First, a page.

Ever since I founded Pacesetter Planning, I’ve worked with my clients on a wide range of financial topics. I’ve gotten a variety of questions from clients and potential clients, and while everyone’s situation is a little different, generally they fall into the following categories:
- How do I manage my finances with my husband/wife/fiance/significant other?
- How much do I need to buy a house?
- How much should I be saving for retirement?
- How do I select investments?
- Should I put extra money toward my student loans or should I direct that money elsewhere?
As you may have noticed, I’ve addressed a good number of these topics at a high level on this blog already (and will continue to do so). But, you may have picked up on something else.
All of these Questions are Interconnected
It’s hard to make financial decisions in a vacuum. Often times, the hard part isn’t answering these individual questions, but finding the right answer to them all at the same time. It often isn’t practical to increase your saving for retirement and buy a house and pay extra on your student loans all at once. These decisions need to be made together, and there’s usually not a clear right or wrong answer.
That, of course, is where I come in. I help my clients develop plans to manage their finances, prioritize their goals, and help them allocate their money accordingly. We set targets and track progress against these goals, updating as needed.
You Need a Framework to Make these Decisions
While everyone’s circumstances are a little bit different, I use a strict framework and process to help clients make these decisions.
And I’d like to share it with all of you.
On Tuesday, March 7 at 8 PM EST, I’ll be hosting a free webinar called “How to Organize Your Finances and Create A Roadmap Toward Financial Freedom”. You can register for the webinar here.
On this webinar, we’ll discuss:
- How I recommend clients structure their accounts to keep track of their finances
- How to implement a system to manage your income month to month to pay yourself first
- How much money you’ll need to retire, and what it will take to get there
- How to balance your everyday spending with your short and long term financial goals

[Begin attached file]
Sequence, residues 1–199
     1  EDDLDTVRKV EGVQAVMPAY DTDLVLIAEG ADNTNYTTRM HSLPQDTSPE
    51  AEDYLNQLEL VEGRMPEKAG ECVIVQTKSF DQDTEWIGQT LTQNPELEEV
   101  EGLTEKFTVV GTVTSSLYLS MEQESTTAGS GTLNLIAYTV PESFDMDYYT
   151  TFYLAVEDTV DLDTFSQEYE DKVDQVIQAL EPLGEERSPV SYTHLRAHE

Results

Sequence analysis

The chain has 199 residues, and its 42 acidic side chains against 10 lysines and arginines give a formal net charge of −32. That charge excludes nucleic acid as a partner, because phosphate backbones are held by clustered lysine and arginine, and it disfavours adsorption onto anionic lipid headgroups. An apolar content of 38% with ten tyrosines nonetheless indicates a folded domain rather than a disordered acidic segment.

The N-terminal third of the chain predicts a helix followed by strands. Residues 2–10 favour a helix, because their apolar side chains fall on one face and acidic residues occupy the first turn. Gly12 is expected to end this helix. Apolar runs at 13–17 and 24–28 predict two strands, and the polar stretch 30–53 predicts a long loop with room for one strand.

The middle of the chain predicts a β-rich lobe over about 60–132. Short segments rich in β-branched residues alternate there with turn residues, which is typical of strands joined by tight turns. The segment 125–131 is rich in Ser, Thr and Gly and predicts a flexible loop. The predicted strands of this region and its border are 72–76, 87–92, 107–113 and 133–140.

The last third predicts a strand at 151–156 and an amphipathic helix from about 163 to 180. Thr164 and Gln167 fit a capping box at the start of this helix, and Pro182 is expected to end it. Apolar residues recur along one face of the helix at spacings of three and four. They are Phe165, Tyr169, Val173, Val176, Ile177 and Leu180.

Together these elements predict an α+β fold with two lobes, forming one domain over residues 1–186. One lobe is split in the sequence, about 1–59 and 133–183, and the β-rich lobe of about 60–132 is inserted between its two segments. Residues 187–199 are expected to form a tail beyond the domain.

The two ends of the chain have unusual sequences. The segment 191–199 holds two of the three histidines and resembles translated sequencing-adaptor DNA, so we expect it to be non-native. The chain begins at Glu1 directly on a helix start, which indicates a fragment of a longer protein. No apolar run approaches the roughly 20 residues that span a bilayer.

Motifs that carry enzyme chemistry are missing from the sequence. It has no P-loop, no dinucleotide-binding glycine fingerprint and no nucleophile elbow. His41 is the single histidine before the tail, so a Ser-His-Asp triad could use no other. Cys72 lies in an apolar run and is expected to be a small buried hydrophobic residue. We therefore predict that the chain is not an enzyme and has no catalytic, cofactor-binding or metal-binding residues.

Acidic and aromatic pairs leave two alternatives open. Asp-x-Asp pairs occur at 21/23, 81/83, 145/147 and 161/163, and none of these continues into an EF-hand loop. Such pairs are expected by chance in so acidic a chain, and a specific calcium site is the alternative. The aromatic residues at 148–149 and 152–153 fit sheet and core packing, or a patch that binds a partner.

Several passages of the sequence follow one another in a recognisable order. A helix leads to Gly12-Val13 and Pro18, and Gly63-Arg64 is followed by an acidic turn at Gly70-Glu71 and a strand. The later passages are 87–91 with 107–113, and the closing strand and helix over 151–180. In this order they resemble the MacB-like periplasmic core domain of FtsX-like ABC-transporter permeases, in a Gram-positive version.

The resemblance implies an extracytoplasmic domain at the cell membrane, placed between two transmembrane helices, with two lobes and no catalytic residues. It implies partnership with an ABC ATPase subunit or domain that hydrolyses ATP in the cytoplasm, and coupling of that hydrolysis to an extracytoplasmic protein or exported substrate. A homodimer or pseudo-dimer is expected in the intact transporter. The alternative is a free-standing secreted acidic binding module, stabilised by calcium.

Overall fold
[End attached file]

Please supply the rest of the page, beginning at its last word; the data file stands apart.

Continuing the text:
We Face Greater Financial Challenges than our Parents and Grandparents. Plan Accordingly.
Sometimes I get pushback when I say this, but I truly believe that millennials face much greater challenges than previous generations. Think about it for a minute.
Most of our grandparents worked 40 years at the same job, retired and received a pension from their company to fund their retirement. They have Social Security. When they were our age and looking to buy a home, housing prices were about twice the average annual salary.
Many of our parents may have had multiple jobs over the course of their careers, but most of them only had one job at a time. Some of them may still have a pension, but all will (barring some sort of catastrophe) receive Social Security. And again, the average home price when they were in their twenties was around twice the average annual salary.
Now? The average millennial changes jobs four times before turning 32. More than 1/3 of millennials have a side job. The average price for a home has jumped to about 3.5x the average annual salary. Most of us have some type of student loans.
Pensions? Social Security? ¯\_(ツ)_/¯
We have some big challenges ahead of us. The good news is that these challenges can be beaten. But, you need a method and a plan to get you there. I’ve got it for you.
I Want to Teach You Everything I Know
I didn’t get into financial planning to only work with rich clients. My goal is to help make all of my clients wealthy someday. The more people I can help, the better.
Sign up for my upcoming webinar, and let me know if you have any questions you think I should address. I look forward to sharing my methodology with you all.